The future will be about getting more people online, sometimes in unexpected ways, about technology that interacts without our physiology, about reevaluating how education works, and about expanding our existing communications networks beyond our own planet.
These are some of the things Google’s chief Internet evangelist, Vint Cerf, believes are in humanity’s future. Cerf made the comments during an interview at Google’s Big Tent event held in Johannesburg on Thursday.
Asked about what new technology excites him, Cerf began talking about getting more people connected — unsurprising given his history as one of the pioneers of the early Internet.
“We’ve got to look at alternative ways of delivering high-speed services,” he said, citing Google’s Project Loon — a maverick endeavour being piloted in New Zealand to use high-altitude balloons to provide Internet connectivity to outlying areas — and another project called O3b.
“O3b stands for ‘Other Three Billion’,” Cerf explained. “It’s a non-synchronous satellite system in orbit over the equator.” The satellites are at a lower altitude than traditional satellites, which results in a “better signal to noise ratio”.
“It’s possible to transfer a billion bits per second per spot beam and there are ten beams per satellite,” Cerf said. “This means we can provide 10Gbit/s aggregate capacity to ground stations and that gives us the opportunity to reach sub-Saharan Africa, the Pacific Islands, South America, and so on.”
Cerf talked about Nicholas Negroponte’s “One Laptop Per Child” project to deliver affordable and connected devices into education in developing countries, which he said “didn’t work out as hoped”. The interesting thing to flow from the One Laptop project was the realisation that devices with Wi-Fi could be used to create self-managing, impromptu “mesh networks”.
“So, if one device had good quality access to the Internet, it could distribute to rest of the devices within earshot. That’s very attractive for the casual creation of networks where you wouldn’t have any at all.”
Project Loon is looking at mesh networks as a means of potentially providing connectivity in disaster-hit or remote areas by passing the connection from balloon to balloon, possibly across enormous distances.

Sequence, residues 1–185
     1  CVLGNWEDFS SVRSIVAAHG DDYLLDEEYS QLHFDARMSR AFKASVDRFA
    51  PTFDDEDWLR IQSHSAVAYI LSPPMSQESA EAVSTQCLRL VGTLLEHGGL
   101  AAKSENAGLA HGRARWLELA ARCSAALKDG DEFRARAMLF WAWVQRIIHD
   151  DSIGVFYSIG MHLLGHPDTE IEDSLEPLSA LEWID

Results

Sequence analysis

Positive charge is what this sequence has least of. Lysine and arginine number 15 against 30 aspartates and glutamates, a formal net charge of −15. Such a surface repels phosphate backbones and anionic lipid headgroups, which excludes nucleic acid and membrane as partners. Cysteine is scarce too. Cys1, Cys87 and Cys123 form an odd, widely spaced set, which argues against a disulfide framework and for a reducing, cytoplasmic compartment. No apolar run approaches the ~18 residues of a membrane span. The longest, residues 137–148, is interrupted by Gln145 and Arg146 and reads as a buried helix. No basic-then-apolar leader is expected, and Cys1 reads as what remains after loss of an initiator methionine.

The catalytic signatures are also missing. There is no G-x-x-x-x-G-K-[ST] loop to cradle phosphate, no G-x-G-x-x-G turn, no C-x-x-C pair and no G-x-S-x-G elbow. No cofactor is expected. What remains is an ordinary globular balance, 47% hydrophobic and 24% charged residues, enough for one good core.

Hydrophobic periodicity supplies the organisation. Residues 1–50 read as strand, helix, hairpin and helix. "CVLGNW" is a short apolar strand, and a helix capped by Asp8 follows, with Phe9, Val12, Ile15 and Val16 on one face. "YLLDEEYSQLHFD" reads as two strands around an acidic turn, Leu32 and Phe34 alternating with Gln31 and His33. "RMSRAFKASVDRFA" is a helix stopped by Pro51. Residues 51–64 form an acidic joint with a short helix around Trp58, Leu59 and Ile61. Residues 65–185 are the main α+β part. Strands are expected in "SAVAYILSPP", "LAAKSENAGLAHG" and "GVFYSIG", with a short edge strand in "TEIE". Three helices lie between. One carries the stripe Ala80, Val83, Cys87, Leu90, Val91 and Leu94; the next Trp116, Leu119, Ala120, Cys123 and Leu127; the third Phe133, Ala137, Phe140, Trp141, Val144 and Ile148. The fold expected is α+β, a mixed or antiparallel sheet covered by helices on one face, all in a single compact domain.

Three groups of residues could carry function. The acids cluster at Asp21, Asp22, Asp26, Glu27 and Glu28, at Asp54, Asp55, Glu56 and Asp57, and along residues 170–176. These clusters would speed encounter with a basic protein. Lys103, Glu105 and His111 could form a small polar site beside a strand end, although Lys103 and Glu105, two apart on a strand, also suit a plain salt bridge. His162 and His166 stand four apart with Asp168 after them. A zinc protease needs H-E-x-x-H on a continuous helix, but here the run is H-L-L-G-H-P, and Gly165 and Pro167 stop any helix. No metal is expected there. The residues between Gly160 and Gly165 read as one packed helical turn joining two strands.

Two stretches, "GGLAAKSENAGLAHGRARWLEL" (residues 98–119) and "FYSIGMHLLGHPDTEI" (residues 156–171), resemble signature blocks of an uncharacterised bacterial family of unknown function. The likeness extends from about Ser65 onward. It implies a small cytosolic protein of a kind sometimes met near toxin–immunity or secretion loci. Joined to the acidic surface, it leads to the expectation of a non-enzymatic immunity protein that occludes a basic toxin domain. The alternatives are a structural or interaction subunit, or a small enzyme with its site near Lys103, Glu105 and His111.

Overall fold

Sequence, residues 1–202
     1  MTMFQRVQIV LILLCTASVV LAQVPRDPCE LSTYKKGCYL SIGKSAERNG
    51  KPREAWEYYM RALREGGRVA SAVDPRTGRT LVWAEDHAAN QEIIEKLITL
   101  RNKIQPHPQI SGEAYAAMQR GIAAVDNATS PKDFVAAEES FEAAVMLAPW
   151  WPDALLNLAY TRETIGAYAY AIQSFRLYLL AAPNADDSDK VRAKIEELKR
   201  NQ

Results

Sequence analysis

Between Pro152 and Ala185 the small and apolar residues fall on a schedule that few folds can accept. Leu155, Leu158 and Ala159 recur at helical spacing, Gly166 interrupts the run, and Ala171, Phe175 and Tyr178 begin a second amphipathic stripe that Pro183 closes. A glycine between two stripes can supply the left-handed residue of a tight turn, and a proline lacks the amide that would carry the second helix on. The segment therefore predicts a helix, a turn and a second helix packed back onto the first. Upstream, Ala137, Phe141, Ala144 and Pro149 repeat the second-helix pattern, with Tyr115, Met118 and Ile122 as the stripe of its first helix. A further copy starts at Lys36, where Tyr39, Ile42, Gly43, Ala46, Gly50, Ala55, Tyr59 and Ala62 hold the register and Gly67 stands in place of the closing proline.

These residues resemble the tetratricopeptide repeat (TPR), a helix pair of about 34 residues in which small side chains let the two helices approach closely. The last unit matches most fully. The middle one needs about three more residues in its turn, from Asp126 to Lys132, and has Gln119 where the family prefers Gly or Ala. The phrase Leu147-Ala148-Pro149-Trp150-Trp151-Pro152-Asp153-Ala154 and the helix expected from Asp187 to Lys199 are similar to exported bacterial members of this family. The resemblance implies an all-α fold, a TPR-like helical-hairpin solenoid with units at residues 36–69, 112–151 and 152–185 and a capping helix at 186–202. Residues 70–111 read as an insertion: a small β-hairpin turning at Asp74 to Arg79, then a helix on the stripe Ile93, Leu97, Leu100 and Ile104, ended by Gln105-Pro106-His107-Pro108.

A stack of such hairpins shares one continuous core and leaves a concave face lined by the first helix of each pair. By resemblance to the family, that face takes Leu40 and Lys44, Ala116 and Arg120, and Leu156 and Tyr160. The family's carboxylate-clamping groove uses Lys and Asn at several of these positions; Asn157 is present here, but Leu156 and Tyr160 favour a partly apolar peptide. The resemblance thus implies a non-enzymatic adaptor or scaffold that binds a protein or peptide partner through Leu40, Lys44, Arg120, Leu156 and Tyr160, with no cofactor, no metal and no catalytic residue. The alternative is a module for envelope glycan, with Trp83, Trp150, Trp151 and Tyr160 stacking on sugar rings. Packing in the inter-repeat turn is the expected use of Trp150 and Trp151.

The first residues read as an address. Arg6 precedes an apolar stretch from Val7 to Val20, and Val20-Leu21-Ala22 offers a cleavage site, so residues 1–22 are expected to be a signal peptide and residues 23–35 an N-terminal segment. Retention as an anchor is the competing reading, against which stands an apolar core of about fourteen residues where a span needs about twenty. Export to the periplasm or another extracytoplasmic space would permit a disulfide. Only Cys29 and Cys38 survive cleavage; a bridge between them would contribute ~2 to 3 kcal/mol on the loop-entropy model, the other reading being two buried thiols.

Another area that has Cerf excited is “neuro-electronics” — interconnecting computer-based things with our neurological circuits, as he describes it.
Cerf’s wife lost her hearing at three years of age. Years later, she had a specialised implant that inserted 15 to 20 electrodes into her cochlea. This was later fed signals by an FM transmitter. “We know enough to fool the brain into thinking its audio is working by stimulating the auditory nerve,” he said, adding that he thinks neuro-electronics is set to be a “big deal”.
On the other end of the technology spectrum, Cerf said he sees richer networking that will allow mankind to communicate beyond the Earth — an interplanetary extension of the Internet.
Work in this regard is already fairly advanced. Rich networking is now available to support manned and robotic exploration of the solar system, but new systems and standards have had to be developed because the excessive delays to transfer data using the transmission control protocol render it impractical for the purpose, Cerf said.
When looking at a planet or sending data to or from it, as in the case of the Mars Rover for example, one of the problems is planetary rotation. Because planets rotate, a signal sent to or from a specific point on the surface may not reach its intended target. “Planetary rotation is a problem,” Cerf said. “We haven’t figured out how to stop that.” — (c) 2013 NewsCentral Media